A while back on John Gruber’s Daring Fireball I came across a link to a Jim Collins interview with Admiral James Stockdale. I’ve written about Admiral Stockdale before, but his example set under the direst circumstances imaginable led to an almost overnight improvement in my own character. As a 20-year-old, I was very prone to overreacting to just about everything, but learning about Admiral Stockdale reset the scale I used when measuring my own personal “hardships.” This changed everything, and it changed quickly.
I like Admiral Stockdale’s succinct definition of stoicism:
A Stoic always kept separate files in his mind for (A) those things that are “up to him” and (B) those things that are “not up to him.”
This is manifestly true, and to my way of thinking, the only thing really in category (A) is my own attitude and response to the world. I now consider each particular hardship as training, and I have often found I can apply this mindset in the moment. When I fail the test real-time, I am still strengthened by applying this mental frame in hindsight.
Before sitting down with the admiral, Jim Collins wondered about how he avoided despair as a Prisoner of War:
Then all of a sudden it dawned on me, “Wait a minute, I’m getting depressed reading [In Love and War], and I know the end of the story. I know he gets out. I know he reunites with his family. I know he becomes a national hero. And I even know that we’re going to have lunch on the beautiful Stanford campus on Monday. How did he not let those oppressive circumstances beat him down? How did he not get depressed?” And I asked him.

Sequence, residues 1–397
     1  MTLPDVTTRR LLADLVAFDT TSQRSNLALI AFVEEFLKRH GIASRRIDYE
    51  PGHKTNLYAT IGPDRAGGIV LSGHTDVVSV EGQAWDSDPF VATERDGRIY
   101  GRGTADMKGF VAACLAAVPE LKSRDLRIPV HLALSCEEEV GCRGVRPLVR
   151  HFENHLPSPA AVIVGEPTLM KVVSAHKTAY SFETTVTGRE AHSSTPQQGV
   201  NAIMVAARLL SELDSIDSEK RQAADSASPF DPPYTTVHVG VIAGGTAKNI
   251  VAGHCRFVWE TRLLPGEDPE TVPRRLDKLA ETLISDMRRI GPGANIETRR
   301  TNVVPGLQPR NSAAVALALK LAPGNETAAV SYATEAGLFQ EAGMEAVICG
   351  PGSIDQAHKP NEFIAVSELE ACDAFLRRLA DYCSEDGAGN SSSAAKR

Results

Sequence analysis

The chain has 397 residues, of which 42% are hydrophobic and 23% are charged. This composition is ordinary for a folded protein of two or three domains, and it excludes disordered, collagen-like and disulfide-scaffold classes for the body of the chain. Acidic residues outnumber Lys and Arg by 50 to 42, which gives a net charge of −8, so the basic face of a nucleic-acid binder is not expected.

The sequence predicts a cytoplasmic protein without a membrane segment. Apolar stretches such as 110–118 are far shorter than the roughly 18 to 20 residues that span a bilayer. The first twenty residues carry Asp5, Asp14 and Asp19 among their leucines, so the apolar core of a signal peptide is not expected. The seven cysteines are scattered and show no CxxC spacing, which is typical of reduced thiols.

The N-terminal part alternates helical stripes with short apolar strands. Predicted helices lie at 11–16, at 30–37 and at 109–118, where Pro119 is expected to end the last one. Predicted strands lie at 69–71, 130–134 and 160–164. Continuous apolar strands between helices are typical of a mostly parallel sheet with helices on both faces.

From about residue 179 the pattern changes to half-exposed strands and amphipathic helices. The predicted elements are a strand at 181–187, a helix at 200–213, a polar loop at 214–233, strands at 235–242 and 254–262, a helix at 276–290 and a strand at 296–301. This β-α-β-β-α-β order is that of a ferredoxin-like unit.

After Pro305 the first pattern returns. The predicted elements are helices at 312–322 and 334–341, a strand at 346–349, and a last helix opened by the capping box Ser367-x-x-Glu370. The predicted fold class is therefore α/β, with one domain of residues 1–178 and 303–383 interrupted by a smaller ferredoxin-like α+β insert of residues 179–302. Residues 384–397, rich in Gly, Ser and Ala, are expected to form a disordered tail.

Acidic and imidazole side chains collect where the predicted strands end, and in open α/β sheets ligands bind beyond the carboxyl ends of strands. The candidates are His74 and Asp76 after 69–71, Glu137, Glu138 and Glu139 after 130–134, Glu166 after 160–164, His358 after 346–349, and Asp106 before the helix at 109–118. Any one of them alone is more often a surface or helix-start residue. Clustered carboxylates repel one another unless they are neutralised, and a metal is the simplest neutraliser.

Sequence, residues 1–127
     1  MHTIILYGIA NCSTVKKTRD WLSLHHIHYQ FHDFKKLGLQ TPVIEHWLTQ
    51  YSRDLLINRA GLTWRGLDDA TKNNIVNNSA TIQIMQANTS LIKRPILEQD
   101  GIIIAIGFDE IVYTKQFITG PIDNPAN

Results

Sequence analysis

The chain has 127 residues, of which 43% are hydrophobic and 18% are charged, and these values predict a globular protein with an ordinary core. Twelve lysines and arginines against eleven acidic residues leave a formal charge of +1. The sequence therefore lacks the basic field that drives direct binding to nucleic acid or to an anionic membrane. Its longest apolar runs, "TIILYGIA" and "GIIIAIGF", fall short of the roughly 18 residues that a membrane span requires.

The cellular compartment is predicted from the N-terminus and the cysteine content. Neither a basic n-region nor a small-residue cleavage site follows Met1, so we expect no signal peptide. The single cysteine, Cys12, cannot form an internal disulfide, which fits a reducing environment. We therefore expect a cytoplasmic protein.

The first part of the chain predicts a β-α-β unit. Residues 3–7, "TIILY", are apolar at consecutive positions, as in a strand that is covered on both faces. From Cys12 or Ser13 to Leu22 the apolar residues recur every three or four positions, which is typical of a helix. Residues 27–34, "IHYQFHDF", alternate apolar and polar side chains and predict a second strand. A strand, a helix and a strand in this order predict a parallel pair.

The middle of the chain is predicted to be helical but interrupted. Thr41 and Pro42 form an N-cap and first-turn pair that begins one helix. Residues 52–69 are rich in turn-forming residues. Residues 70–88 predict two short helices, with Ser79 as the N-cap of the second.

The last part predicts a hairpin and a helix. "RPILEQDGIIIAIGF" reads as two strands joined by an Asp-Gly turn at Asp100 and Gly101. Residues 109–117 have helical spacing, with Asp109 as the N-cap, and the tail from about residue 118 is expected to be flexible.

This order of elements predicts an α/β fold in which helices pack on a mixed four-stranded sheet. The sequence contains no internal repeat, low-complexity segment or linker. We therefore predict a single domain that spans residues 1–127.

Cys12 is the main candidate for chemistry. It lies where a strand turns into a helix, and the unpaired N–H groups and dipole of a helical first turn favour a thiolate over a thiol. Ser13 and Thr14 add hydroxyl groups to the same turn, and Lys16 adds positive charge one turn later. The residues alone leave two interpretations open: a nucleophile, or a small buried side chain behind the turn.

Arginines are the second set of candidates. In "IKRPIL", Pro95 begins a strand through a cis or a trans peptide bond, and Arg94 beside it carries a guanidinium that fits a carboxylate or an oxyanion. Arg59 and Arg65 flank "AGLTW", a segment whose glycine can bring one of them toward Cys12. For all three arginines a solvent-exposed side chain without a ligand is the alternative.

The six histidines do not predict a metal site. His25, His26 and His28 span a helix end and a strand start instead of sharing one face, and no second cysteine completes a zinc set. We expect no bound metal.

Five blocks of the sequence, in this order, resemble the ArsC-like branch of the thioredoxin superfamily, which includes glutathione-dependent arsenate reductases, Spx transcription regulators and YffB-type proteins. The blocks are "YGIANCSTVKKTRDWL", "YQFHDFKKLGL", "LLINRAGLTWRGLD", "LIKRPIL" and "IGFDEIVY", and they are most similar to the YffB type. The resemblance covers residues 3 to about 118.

He said, “Well, you have to understand, it was never depressing. Because despite all those circumstances, I never ever wavered in my absolute faith that not only would I prevail—-get out of this—-but I would also prevail by turning it into the defining event of my life that would make me a stronger and better person. Not only that, Jim, you realize I’m the lucky one.”
I said, “No, I don’t.”
He said, “Yes, because I know the answer to how I would do, and you never will.”
We cannot control the trials we face, but we can turn them into training. When something is hard, it can make us better. When we prepare for this training, our thoughts can more easily fall into healthy patterns. Patterns we should learn ahead of time.
That is my goal for studying The Practicing Stoic. I will prepare and reinforce the mental patterns I need during a trial, and I will practice them when I am inevitably tried.
Book Club : The Practicing Stoic